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The EU hotspot approach at Lampedusa

The hotspot works as a preemptive frontier, with the double goal of blocking migrants at Europe’s southern borders, and simultaneously impeding the highest number possible of refugees from claiming asylum.

Hotspot in Lampedusa. Photo provided by author. All rights reserved.The Mediterranean of migrants has taken centre stage in public and political debate. The struggle of people fleeing war and violence saturates the Mediterranean waters and shorelines, as people’s chances to find refuge in a safe country relies on informal crossing routes.

The European “response” to the migration crisis in the Mediterranean, meanwhile, focuses on Italian and Greek islands as hotspots to enforce full identification and border-posts of first deportation, as European Commissioner for Migration, Home Affairs and Citizenship, Dimitris Avramopoulos, recently spelled out in an interview.

This third piece in our series on the Mediterranean migration crisis, ‘Transit points and enduring struggles’ takes a look at the Lampedusa hotspot, the first of the 11 hotspots along the Greek and Italian frontline of the EU, which is meant to function as a model for all others. Almost five months into its operation, the Lampedusa hotspot full-fingerprinting policy is mainly resulting in illegalisation and destitution paths for migrants and refugees, as we document below.

The context

Protest in Lampedusa. Photo provided by author. All rights reserved.Anti-refugee sentiment and politics have spread across Europe in recent months, during which public attention and media coverage of border-deaths and refugees’ struggles at the European borders has been high.

The normalisation of the suspension of Schengen regulations to prevent refugees’ free circulation, the Hungarian barbed-wiring along the border with Croatia to block migrants’ access to its territory, the Swedish deportation schemes to replace those of reception, and the Danish Parliament law allowing the seizure of refugee assets are just a few examples of the expansion of borders, limiting migrant and refugee access to the Schengen area.

At the EU level, the emphasis on providing a ‘response’ to the migration crisis has prompted uncontested warfare interventions, such as the military operation Sophia against smuggler assets; has resulted in a renewed enforcement of the pre-frontiers of Europe, with increased investment in EU neighbouring countries aimed at refugee containment and reception away from Europe; and, has led to lengthy and litigious discussions about the government of refugee access to and presence in the EU.

As migrants keep dying en route to refuge in Europe, the emphasis of the EU conversation about the ‘migration crisis’ has shifted from a humanitarian crisis to a migration management crisis. The focus is increasingly on the so-called “mixed flows” of migrants and refugees reaching Europe and on potential terrorists allegedly embedded among boatpeople. The focus is increasingly on the so-called “mixed flows” of migrants and refugees reaching Europe and on potential terrorists allegedly embedded among boatpeople.

Under this framing, the governmental imperative becomes screening and identification procedures in order to separate refugees “in clear need of protection” – as EU documents put it – from other figures posited as security threats.

The frontline archipelago - the EU vision

One of the staples of this new EU agenda on migration is represented by the “hotspot approach”, one of the “immediate actions” the European Commission announced in May 2015 to combat the crisis.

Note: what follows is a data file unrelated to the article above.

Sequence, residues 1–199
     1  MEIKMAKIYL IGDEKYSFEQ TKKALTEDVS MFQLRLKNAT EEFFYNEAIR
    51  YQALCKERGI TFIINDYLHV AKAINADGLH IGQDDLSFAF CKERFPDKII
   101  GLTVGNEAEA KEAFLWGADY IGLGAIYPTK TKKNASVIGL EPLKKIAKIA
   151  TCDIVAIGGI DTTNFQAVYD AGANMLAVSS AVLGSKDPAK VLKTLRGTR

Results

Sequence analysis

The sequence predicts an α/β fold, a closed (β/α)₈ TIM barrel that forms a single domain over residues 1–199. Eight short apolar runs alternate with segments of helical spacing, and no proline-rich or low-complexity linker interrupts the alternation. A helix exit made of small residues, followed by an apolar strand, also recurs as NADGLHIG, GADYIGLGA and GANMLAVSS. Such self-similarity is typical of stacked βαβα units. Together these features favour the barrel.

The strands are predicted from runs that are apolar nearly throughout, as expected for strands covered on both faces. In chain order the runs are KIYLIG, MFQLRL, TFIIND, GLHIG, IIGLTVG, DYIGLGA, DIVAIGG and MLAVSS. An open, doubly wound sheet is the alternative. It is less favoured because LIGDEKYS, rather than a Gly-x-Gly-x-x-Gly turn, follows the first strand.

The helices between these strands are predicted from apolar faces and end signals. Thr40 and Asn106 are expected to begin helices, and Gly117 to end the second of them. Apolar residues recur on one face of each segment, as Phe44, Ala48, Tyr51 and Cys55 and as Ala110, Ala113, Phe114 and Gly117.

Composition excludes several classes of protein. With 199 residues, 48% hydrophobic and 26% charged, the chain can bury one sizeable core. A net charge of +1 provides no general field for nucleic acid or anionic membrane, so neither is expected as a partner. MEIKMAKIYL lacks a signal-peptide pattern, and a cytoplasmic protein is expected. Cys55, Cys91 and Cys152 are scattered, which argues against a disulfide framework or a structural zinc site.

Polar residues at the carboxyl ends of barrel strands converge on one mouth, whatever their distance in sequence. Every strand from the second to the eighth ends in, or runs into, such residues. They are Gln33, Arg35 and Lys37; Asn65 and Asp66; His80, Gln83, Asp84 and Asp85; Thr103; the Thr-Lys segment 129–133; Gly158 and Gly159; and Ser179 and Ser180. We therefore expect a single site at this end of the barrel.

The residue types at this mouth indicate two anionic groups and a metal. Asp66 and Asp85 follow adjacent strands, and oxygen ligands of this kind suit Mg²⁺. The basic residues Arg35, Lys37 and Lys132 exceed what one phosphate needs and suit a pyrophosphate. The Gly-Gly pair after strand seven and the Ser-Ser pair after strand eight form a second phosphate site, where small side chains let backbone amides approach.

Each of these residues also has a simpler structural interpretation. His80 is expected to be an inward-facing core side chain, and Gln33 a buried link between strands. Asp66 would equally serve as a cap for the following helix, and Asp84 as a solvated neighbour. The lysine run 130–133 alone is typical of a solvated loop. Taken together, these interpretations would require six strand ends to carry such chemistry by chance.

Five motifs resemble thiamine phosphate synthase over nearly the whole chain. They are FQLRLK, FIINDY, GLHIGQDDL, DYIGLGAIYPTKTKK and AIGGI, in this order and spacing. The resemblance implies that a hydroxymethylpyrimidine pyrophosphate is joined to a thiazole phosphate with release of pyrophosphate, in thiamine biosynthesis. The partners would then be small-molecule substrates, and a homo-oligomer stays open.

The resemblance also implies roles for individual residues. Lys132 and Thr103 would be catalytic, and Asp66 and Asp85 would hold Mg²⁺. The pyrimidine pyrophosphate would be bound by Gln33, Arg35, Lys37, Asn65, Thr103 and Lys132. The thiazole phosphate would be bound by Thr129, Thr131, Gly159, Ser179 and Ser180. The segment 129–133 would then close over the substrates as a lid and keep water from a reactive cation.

Hotspots are infrastructures for intensified interventions by European agencies to support the border functions of member-states in areas of intense migratory flows. In concrete terms, officials of the EU Border Agency (Frontex), the EU Police Cooperation Agency (Europol), the EU Juridical Cooperation Agency (Eurojust), and the European Asylum Support Office (EASO) are deployed to the hotspots of Italy and Greece to strengthen these frontline states’ border functions.
Since October 2015 four such hotspots have opened—Lampedusa, Pozzallo, and Trapani in Italy, and Lesbos in Greece[1]—all located in turbulent border “spots” along the Mediterranean frontier of Europe to build a migration frontline archipelago in the central and eastern Mediterranean. The main function of hotspots is the patrolling of migrant bodies and identities: fingerprinting and identifying all incoming migrants, while assigning migratory profiles (economic migrants versus refugees) based on their nationality and on the scanty biographical information gathered during swift identification procedures.

But hotspots also work as enhanced mechanisms of intra-governmental surveillance aimed at ensuring that frontline states, “fulfil their obligations under EU law and swiftly identify, register and fingerprint incoming migrants.”

The various EU agencies deployed as part of the hotspot approach not only offer logistical and technical support for states to perform their border functions, but also act as the watchful eyes ensuring that these frontier states – this soft underbelly of the EU frontier, this Achilles’ heel of the EU borderline, as Greece and Italy are often portrayed – will actually fingerprint all migrants as required by Dublin III regulations.  

The hotspot approach was presented in tandem with the EU Relocation Programme[2]: the separation of refugees to protect and migrants to reject binds the hotspot approach to relocation programmes, making humanitarian functions contingent on securitarian ones. Within this framing, hotspots are spatialized as the necessary frontline for international protection programmes, as the filtering border necessary for the humanitarian regime to work.

However, looking at the statistics of the EU Relocation Programme a different scenario emerges, where hotspots actually work to “reject the highest numbers of migrants and accept the smallest number of refugees,” as Mayor Giusi Nicolini of Lampedusa put it. The Mayor has been a vocal opponent of the hotspot approach mandated by the EU for her jurisdiction. The meagre relocation quota for refugees that the Plan envisions provides a quantitative backing for her assessment.